Social Studies 5: The Stars and Stripes: Making the American Flag
You know that big cloth with all the stars and stripes? News flash: It didn't just poof into existence when the United States did. Someone made it. We're not quite sure who that someone is, but we know someone did it. Flags aren't self-replicating. Or self-aware. We checked.
|5th Grade||Social Studies|
|Elementary and Middle School||5th Grade|
We're not quite sure if that counts as patriotism.
The flag is a symbol of unity, strength and sacrifice.
It even has its own special day, thanks to President Harry Truman.
He chose June 14th as Flag Day because it was on that date in 1777 that Congress passed [June 14th circled on calendar]
a resolution declaring what the official flag of the United States would be:
“Resolved: that the flag of the United States be thirteen stripes, alternate red and white;
that the union be thirteen stars, white in a blue field, representing a new constellation.”
But in writing this resolution, Congress wasn’t indulging its artistic side.
They were just describing the American flag as it already existed. [Adams and Franklin stood with American flag]
So who did design the American flag?
Why red, white, and blue?
And why stars and stripes instead of, oh, hashtags and swirls?
Drum roll please….it turns out….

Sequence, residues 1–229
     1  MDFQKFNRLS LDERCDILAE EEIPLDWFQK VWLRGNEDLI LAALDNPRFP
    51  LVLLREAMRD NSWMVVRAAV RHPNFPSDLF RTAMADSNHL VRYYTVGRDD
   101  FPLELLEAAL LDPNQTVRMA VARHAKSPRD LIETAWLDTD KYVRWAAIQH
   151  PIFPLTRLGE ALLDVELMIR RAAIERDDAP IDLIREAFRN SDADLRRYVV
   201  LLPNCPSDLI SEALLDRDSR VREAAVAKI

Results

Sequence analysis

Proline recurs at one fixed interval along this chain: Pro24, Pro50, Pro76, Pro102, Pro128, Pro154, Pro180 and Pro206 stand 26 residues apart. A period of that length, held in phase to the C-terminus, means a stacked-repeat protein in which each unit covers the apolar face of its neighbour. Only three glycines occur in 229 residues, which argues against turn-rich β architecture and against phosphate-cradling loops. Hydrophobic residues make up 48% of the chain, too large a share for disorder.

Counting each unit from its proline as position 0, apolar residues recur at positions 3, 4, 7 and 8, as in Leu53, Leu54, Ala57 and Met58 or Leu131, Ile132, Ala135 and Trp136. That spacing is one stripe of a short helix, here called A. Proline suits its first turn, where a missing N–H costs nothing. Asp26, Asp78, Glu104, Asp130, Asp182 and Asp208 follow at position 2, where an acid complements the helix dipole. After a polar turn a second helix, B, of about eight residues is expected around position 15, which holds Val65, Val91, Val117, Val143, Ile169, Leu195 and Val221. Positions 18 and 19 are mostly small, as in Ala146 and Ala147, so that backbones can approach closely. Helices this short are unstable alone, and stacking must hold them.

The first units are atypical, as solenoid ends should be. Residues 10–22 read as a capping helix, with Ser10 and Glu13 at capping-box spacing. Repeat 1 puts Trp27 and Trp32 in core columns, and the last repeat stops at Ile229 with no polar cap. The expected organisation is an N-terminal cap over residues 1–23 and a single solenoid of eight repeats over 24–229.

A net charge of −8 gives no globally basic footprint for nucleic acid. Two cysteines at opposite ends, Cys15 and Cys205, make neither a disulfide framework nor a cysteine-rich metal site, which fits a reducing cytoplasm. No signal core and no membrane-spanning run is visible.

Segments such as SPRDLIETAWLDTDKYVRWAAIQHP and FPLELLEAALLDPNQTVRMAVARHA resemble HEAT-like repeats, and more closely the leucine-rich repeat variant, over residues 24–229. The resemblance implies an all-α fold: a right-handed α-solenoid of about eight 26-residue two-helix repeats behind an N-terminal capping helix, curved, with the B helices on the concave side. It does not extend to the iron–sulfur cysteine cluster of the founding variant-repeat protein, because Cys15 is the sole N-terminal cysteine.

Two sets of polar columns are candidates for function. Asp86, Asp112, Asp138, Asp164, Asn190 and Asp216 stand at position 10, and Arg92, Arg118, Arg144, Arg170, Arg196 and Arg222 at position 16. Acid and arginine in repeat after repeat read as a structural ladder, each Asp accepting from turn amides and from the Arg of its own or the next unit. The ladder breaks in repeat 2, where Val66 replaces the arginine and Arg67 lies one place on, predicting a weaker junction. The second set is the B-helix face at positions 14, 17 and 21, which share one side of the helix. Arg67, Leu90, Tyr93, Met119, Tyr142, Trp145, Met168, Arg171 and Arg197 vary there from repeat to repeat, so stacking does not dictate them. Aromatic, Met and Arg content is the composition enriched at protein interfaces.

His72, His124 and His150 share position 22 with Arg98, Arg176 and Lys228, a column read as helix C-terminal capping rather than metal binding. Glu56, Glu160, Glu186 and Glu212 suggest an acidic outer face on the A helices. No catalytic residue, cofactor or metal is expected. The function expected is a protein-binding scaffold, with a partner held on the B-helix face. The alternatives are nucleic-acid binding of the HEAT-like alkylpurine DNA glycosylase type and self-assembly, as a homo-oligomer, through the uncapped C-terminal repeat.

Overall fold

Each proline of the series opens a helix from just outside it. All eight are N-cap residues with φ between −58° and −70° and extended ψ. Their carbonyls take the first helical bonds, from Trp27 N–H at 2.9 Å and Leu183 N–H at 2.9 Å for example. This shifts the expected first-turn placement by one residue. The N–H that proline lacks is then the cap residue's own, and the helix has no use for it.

…no one really knows the flag’s origin story.
…Huh. [Tomato thrown on stage]
That was kind of a let-down.
Some say that it was designed by this man: New Jersey congressman – and harpsichord
enthusiast – Francis Hopkinson.
It's also thought that the first flag was sewn by Betsy Ross. [Betsy Ross sewing American flag]
But even if we don't know much about the origin story of the flag, much more is known about
the folklore surrounding the flag.
For instance, you may have heard the flag referred to as “Old Glory.”
That’s a nickname sea Captain William Driver gave to the huge flag that flew above his boat.
Dude was so patriotic he nicknamed his flag. [William Driver on a boat]
Not only that, the nickname soon caught on…
… and eventually “Old Glory” came to refer to any
American flag, regardless of age or size.
The American flag has even inspired songs. [American flag approaches radio and dances]
During the War of 1812, in the year of…1814…
…huh, could've named that better…
…lawyer and poet Francis Scott Key woke up one morning to discover that despite a
terrible bombardment by the British all through the night… [Francis yawns as building is on fire]
… the Fort still belonged to the Americans.
How could he tell?
Old Glory was still flying proudly above it.
That inspired Key to write the poem Defense of Fort McHenry.
The first verse of which was eventually set to music as the song, The Star-Spangled Banner.
And in 1931 Congress resolved to make The Star-Spangled Banner America’s national
… thereby paving the way for celebrities ruining the song for all of us before major [Dino and Coop singing song]
And the cool thing about the flag is it's not set in stone!
The flag has changed over the years to represent our changing nation, getting a new star for
each new state.
Who knows what it might look like in the future…maybe one day, we'll be adding Mars among those stars… [American flag transforms and adds Mars to flag]